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Our favorite stories about public lands and opportunities for you to get involved in protecting your outdoor experiences.


Interior's Attempt to Undercut the Freedom of Information Act

Tania Lown-Hecht


Today, the Department of Interior is wrapping up a short public comment period on a rule that would change how it manages Freedom of Information Acts (FOIA).

FOIA makes government activities and information transparent and accessible to the public, which is crucial for journalists and advocacy groups in particular, including Outdoor Alliance and its member groups. American Whitewater, for example, uses FOIA requests to investigate records related to the Bureau of Reclamation's management of the lower Dolores River in southern Colorado, among other projects. Access Fund uses FOIA requests to investigate climbing restrictions and access closures such as the ones at Haleakala National Park in Hawaii and North Cascades National Park in WA.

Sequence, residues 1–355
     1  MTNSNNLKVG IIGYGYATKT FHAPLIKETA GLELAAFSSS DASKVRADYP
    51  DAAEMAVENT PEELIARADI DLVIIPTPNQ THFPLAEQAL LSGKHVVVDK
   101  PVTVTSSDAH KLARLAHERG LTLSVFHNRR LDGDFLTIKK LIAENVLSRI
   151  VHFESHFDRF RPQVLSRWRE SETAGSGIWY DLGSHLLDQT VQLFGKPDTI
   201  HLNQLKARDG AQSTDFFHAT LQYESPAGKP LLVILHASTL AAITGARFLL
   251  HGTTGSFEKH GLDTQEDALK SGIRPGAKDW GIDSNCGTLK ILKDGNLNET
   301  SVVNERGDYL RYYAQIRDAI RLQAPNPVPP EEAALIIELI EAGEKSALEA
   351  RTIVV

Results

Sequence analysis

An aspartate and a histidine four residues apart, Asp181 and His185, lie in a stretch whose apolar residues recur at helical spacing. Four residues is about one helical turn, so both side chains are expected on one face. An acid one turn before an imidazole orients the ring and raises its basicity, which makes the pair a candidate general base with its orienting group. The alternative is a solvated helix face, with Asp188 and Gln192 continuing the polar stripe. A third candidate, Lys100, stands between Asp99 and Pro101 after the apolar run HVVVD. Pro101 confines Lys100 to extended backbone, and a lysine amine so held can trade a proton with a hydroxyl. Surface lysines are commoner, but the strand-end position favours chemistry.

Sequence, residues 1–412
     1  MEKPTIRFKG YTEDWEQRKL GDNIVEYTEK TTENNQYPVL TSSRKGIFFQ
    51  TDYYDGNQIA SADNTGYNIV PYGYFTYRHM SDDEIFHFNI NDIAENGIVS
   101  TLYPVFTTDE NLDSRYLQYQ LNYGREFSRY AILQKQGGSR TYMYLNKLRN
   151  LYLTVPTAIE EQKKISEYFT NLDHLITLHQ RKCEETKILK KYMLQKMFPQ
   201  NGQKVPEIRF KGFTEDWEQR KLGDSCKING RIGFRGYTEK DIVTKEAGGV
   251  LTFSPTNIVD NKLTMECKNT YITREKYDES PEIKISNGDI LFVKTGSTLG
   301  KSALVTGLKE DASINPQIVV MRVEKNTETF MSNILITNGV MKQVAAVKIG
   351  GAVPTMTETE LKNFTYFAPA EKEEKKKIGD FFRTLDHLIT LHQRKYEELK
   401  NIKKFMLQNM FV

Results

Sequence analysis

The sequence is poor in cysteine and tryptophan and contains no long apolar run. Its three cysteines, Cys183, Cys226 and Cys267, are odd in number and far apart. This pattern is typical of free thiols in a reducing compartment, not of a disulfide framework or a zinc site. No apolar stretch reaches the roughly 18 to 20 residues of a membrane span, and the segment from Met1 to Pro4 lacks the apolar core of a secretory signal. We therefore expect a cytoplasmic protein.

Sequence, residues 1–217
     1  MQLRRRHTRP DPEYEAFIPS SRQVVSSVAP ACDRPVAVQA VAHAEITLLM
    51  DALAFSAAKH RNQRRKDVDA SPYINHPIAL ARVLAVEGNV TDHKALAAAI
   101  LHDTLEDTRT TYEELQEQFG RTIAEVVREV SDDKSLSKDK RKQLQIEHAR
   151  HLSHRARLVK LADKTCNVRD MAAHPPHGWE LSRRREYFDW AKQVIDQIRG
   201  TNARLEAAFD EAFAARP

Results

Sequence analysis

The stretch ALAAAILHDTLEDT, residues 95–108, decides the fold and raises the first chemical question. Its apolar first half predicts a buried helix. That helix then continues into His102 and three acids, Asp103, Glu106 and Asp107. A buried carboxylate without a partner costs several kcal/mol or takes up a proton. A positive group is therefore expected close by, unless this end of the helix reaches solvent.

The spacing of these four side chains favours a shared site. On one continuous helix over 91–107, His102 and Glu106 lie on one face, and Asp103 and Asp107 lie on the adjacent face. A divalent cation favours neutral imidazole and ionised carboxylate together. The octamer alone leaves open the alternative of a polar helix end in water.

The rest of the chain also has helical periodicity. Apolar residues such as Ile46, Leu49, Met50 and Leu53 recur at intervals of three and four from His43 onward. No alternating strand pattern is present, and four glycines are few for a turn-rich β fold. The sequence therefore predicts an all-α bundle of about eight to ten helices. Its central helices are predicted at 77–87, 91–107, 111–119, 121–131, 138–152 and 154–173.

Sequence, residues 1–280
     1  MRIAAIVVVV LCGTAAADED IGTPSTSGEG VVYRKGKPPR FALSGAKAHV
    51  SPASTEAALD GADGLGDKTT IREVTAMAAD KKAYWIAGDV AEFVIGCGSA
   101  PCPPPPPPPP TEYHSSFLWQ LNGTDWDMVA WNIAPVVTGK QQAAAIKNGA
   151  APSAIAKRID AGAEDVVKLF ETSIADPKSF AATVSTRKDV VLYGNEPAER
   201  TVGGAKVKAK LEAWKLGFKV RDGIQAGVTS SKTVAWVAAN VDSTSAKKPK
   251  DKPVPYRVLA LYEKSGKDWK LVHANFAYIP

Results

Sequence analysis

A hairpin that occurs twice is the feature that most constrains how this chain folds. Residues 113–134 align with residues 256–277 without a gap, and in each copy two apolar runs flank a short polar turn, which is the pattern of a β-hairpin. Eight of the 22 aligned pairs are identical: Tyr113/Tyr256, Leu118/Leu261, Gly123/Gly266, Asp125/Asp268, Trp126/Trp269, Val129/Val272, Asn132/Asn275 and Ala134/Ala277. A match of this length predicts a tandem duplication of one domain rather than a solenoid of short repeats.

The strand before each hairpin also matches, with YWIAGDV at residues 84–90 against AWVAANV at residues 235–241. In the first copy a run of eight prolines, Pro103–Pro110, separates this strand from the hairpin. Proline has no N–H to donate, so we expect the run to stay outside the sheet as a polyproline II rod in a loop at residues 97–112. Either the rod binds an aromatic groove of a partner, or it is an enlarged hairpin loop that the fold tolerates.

Among other changes, the new rule will allow Interior to refuse requests that are “vague” or “unreasonably burdensome,” which would, in theory, allow them to dismiss a vast number of requests. According to the rulemaking, Interior is making these changes because of “exponential increases in requests.” FOIA requests have increased about 30%, mostly during Ryan Zinke’s tenure as Secretary of Interior. Having a new administration is often a time of increased public scrutiny, especially when the administration’s priorities are vastly different than prior administrations. We find a 30% increase in requests to be reasonable, and suggest that instead of restructuring how the agency responds to requests, a better solution would be to allocate more resources to addressing FOIA requests.

Click here or at right to view our full policy letter.

Today is the last day to comment on the rule. You can do so here.